How to handle a company in which I work as a junior android dev for the past 7 weeks where there is zero mentoring?
I have 2.5 year experience in android dev and then I had a 1.5 year gap. I was looking for a company where I can get back on track, fill my knowledge gaps and get back in shape. So I accepted lower starting salary because of this gap that I had. Me and manager agreed that I will get a 'buddy' assigned and will get some mentoring but nope..
70% of my scrum team with teamlead are overseas in USA and I have just 2 senior colleagues from my scrumteam that visit office only once a week. Ofcourse there are other scrum teams visiting office daily but I personally dread even going to office.
Nobody is waiting for me in there. What's the point if when I need to ask something I have to always call someone? I can do it from home, no need to go to the office.
My manager dropped the ball and basically disappeared after first 2 days of helping me setting up, we had just two biweekly half-assed 1on1’s where he basically rants about some stuff but doesn’t track my progress at all. I bet he doesn’t even know what I’m working on. Everything he seems to be concerned about is that I come to work into office atleast 3 days a week and then I can work remaining 2 days from home.
I feel like they are treating me as a mid level dev where I have to figure out everything by myself and actual feedback is given only in code reviews. I have no idea what is the expectation of me and wether Im doing good or well. Only my team business analyst praised me once saying that I had a strong onboarding start and I am moving baldly forward… What onboarding? It was just me and documentation and calling everybody asking questions…
My teammates didn't even bother accepting me into a team or giving me a basic code overview, we interact mainly in fucking code review comments or when I awkwardly call them when I already wasted days on something and feel like I'm missing some knowledge and I am to the point where I don't cere if they are awkward, I just ask what I need to know.
Seriously when my probation is done (after 6 weeks) I'm thinking of asking for a 43% raise because I am even sacrificing weekends to catch up with this fucked up broken phone communication style where I have to figure out everything by myself. I will have MR's to prove that I was able to contribute from week 1 so my ass is covered.
I even heard that a fresh uni graduate with 0 android experience was hired just for 15% les salary then me. I compared our output, I am doing much better so I definetly feel that Im worthy of a raise. Also I am getting a hang of codebase and expected codestyle, so either these fuckers will pay for it or I will go somewhere else to work for even less salary as long as I get some decent mentoring and have a decent team with decent culture. A place where I could close my laptop and go home instead of wasting time catching up and always feel behind. I want to see people around me who have some emotional intelligene, not some robots who care only about their own work and never interact.4
Was working on a high priority security feature. We had an unreasonable timeline to get all of the work done. If we didn’t get the changes onto production before our deadline we faced the possibility of our entire suit being taken offline. Other parts of the company had already been shut down until the remediations could be made -so we knew the company execs weren’t bluffing.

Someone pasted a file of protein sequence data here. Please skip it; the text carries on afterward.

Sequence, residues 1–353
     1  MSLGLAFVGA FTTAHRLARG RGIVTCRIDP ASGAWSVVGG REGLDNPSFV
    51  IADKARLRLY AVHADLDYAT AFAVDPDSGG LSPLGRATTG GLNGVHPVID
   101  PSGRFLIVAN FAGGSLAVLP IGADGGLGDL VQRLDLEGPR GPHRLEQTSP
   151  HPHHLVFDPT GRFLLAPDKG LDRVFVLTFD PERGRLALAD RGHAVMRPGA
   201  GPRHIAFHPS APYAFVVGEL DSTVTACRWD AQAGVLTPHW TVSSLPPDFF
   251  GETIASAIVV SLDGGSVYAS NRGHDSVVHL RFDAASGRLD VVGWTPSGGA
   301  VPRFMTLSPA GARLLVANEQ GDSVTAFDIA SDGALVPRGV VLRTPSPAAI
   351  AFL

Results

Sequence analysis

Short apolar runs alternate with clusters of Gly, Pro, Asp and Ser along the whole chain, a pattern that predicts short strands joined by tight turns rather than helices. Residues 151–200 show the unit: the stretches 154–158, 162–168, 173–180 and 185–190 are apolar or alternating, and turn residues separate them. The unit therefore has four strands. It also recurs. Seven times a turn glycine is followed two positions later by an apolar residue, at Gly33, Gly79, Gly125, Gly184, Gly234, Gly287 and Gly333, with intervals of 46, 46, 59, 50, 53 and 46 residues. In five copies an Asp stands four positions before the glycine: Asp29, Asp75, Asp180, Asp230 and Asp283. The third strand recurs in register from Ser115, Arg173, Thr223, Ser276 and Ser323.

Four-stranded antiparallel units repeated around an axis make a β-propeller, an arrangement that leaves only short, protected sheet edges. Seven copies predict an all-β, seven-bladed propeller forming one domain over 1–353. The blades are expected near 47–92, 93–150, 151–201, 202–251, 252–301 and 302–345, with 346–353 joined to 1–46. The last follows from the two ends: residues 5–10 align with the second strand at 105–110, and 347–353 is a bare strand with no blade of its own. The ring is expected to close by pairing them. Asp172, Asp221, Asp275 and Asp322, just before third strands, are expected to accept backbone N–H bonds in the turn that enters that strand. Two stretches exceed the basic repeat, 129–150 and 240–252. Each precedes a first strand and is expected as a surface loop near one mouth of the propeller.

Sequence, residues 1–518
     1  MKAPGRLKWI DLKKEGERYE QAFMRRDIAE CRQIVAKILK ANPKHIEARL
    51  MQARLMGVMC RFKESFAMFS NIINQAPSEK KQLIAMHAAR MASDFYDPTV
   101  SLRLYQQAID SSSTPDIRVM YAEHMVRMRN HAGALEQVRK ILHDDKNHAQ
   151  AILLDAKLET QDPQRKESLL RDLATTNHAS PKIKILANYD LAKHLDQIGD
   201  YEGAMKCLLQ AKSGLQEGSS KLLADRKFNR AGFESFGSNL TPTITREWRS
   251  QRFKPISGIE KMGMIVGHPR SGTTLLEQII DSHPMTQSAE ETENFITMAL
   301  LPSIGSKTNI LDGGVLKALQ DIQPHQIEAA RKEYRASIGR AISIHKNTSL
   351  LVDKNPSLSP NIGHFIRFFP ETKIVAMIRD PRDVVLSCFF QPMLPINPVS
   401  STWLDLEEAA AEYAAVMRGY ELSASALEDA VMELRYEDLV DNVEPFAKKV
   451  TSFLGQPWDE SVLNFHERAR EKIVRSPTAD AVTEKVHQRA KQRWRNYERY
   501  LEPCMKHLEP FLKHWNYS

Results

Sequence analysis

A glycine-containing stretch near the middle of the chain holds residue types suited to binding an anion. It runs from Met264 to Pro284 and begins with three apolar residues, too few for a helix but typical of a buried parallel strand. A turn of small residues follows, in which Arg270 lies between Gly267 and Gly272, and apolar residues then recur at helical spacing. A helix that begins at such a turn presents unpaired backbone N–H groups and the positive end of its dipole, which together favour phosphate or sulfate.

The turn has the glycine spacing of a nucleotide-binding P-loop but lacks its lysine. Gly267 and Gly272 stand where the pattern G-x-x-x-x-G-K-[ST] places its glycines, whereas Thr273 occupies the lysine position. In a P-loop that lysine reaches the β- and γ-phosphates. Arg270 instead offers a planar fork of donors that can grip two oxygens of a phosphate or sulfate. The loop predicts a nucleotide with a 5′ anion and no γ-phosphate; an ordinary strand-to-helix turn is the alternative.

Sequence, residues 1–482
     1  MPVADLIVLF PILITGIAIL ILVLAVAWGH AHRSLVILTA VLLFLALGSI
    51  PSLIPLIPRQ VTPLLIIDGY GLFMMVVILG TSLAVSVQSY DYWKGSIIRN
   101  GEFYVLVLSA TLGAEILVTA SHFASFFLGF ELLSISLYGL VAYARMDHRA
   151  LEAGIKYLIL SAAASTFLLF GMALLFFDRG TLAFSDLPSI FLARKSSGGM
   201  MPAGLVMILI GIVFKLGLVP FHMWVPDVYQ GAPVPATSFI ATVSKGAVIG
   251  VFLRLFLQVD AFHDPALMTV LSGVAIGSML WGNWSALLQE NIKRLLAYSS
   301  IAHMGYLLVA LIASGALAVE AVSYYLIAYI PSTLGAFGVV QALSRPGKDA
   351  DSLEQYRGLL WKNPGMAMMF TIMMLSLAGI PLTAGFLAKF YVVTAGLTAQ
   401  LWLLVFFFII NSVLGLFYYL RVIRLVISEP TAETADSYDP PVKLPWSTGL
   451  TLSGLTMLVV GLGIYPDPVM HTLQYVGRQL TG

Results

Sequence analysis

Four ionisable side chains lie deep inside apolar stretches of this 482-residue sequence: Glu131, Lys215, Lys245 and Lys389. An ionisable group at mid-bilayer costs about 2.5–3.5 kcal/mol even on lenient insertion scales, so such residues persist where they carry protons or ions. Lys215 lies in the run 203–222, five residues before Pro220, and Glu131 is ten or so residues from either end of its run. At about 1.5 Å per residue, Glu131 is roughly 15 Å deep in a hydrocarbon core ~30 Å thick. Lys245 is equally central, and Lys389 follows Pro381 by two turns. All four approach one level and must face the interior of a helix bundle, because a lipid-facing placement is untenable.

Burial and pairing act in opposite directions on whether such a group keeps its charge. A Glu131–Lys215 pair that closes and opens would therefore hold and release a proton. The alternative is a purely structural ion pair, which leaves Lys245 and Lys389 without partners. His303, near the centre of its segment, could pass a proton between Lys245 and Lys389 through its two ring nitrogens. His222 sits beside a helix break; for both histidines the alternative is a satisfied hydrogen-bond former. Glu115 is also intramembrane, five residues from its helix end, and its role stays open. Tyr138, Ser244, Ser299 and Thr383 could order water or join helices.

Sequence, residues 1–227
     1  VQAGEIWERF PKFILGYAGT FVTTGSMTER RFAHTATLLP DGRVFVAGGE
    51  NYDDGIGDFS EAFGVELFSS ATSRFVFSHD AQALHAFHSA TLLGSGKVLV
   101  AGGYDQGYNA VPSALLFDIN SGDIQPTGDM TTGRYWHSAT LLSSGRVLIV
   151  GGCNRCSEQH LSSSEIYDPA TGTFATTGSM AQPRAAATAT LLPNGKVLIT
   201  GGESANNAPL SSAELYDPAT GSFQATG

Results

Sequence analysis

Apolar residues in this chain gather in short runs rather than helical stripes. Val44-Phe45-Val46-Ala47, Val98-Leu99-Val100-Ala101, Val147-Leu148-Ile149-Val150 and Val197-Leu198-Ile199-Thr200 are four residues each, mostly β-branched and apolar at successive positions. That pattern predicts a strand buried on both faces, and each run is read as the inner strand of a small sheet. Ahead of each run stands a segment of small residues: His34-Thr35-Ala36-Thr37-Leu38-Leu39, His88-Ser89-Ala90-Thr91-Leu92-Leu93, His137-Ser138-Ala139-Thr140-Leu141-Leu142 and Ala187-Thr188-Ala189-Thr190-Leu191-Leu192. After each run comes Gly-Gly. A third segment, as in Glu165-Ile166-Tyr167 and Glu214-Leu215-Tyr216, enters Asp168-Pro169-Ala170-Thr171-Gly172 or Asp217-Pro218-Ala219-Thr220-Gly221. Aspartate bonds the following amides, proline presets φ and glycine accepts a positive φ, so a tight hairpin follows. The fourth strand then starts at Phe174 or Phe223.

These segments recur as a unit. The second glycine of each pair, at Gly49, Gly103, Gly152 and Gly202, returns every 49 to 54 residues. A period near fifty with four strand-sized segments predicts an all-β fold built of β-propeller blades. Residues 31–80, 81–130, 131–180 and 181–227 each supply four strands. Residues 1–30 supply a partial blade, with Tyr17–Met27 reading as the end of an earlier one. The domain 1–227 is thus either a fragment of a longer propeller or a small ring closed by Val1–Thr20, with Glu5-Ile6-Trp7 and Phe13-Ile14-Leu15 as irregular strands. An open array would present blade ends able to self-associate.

I was the sole developer on the project. I designed it, implemented it, and organized the efforts to get it through the rest of the dev cycle. After about 3 month of work it was all up and bug free (after a few bugs had been found and squashed). I was exhausted, and ended up taking about a week and a half off to recharge.
The project consisted of restructuring our customized frontend control binding (asp.net -custom content controls), integrations with several services to replace portions of our data consumption and storage logic, and an enormous lift and shift that touched over 6k files.
When you touch this much code in such a short period of time it’s difficult to code review, to not introduce bugs, and _to not stop thinking about what potential problems your changes may be causing in the background_.3
Question for devs who work in large multi-team environments:
A) What is your code review process like? Does a senior review it once and then it's off to QA or do you have "levels" of approval?
B) If you're launching a feature that depends on another team how are you coordinating it? Do you just talk over a ticket and then hit merge and deploy at the same time or like what's your process like?
C) What CI/CD tool do you use? Also what code hosting platform do you use? Github/GItlab/etc.
D) Are you currently happy with the CI tool you're using? If not what are some common issues you're facing?5
Can someone, with senior experience in the whole software development process at a large scale company, come talk some sense into our development managers on how you properly run a development company??
The way we do things is wrong in so many ways, but I can't get trough to them, maybe someone with more authority will.
Like im talking about things like, no version control, being totally blindsighted to technical debt, no code review, telling me we shouldnt use 3rd party tools to track issues, tasks, etc.
Are there like intervention companies for this?8
What to do as junior, if multiple seniors (4) aren't in sync with each other. Following different convention on same client's project. Even after 3 years they didn't able come up with seemless infrastrure. The code is getting ugly day by day. No review happens. Is that normal? As they are not in sync, we, juniors are frequently getting confused what to do. What could be done? I'm planning to leave the project somehow. Don't know what to do. 😑6
We were developing a new feature and on the code complete day, I had to take leave. While code review one of the devs changed my code without proper analysis.
End Result, half the things cannot be tested until that piece of code is fixed2
Advice to New Devs: Peer review code with co-workers and constantly learn and improve. Ask a lot of questions and during your down time learn something new. :)